In Loving Memory of WABINOGESHIG, Maxie Isadore ASSINEWAI, Fish, Eagle and Bear Clan, 49 years.
Max began his Spirit Journey Sunday, November 02, 2003 at his favourite place, Perch Lake in Sheguiandah First Nation. Beloved husband and best friend to Shauna (née PITAWANAKWAT) ASSINEWAI. Loving father to Derek, Adrienne, Nicole, Brian and Maggie. Proud grandfather of Cole and Eric. Dear son of Evelyn and Jacob ASSINEWAI (predeceased) and Isabel and John McGRAW of Wikwemikong. Will be sadly missed by special in-laws (Walter GONAWABI of Wikwemikong, Gail JACOBS of Serpent River and Ken BISSON of M'Chigeeng). Dear brother to Steven, Wendy, Raymond, Josephine, Julius (wife Mary), Thomas (predeceased), Jeanette (husband Darcy PAQUET,) Norman (wife Frances) all of Wikwemikong. Son-in-law to Malcom and Connie PITAWANAKWAT of Wikwemikong. Cherished brother-in-law to Rachel (Todd), Mark (Tanya), Lisa (Gord), Wendy, Dawn, Walton, Ralphie (Wendy), Shannon, Raven, Alison and Tim (predeceased). He is also survived by his many nieces and nephews and his families of Birch Island, Rousseau River (Manitoba) and Red Lake (Minnesota).
Max's life path was guided by the culture and traditions of the Anishinabek. He was Ogitch'dah, Eagle Staff Carrier, Pipe Carrier, and respected spiritual healer. He will also be missed by his traditional societies to which he belonged: Windigo, Big Drum, Mide(win), Wiidehgokaan and Giiskaa. His devotion to this people led him to be a political leader and advisor for Sheguiandah First Nation, neighboring First Nations and the Metis Nation.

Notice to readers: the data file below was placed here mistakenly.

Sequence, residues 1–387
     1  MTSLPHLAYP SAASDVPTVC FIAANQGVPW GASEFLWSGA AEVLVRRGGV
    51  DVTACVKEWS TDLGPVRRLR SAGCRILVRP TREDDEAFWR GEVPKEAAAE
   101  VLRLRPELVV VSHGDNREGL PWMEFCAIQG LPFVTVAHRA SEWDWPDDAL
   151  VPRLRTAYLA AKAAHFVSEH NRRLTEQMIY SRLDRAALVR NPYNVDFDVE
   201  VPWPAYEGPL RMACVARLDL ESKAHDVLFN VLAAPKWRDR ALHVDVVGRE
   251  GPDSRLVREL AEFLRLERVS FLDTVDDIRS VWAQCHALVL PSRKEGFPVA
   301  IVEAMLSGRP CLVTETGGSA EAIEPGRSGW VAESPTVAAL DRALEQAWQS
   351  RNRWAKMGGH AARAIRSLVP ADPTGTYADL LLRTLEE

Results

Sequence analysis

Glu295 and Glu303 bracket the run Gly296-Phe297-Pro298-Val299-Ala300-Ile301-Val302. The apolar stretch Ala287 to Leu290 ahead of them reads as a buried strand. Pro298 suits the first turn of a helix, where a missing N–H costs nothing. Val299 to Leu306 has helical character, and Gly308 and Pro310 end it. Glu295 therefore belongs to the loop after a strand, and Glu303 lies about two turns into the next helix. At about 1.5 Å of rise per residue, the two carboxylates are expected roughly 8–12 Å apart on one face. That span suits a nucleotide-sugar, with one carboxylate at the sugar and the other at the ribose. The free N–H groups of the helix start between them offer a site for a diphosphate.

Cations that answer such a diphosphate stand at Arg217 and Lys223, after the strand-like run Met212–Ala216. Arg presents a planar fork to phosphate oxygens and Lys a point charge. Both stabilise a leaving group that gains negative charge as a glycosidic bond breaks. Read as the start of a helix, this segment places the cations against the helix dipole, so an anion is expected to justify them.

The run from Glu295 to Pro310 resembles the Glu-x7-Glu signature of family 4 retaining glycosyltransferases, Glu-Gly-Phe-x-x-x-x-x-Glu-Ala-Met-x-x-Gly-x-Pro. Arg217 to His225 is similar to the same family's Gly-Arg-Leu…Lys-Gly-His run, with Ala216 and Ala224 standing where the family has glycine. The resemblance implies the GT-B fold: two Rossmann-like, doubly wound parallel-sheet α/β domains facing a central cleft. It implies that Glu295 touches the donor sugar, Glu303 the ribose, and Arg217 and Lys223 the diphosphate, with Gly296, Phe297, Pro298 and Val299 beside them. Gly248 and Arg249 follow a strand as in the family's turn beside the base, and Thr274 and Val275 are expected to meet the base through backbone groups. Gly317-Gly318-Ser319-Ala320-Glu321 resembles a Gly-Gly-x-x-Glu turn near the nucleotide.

Max enjoyed hunting, gambling, BINGO, cultural gatherings, pow-wows, children, visiting, hockey and traveling extensively throughout Mother Earth.
Most of all, Max will be remembered for the time he took to share with his sense of humour and for his willingness to always help others at anytime.
Wake Services was held at the Sheguiandah First Nation Community Centre on Tuesday, November 04, 2003 at 1: 00 p.m. Funeral Services will be celebrated on Friday, November 07, 2003 at 10: 00 a.m. at the Sheguiandah First Nation Community Centre. Interment at his residence, Feast to follow. Bourcier Funeral Home, Espanola.

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McGREGOR o@ca.on.manitoulin.howland.little_current.manitoulin_expositor 2003-01-08 published
Donald Gregor McGREGOR
In loving memory of Donald Gregor McGREGOR, December 17, 1931 to December 20, 2002.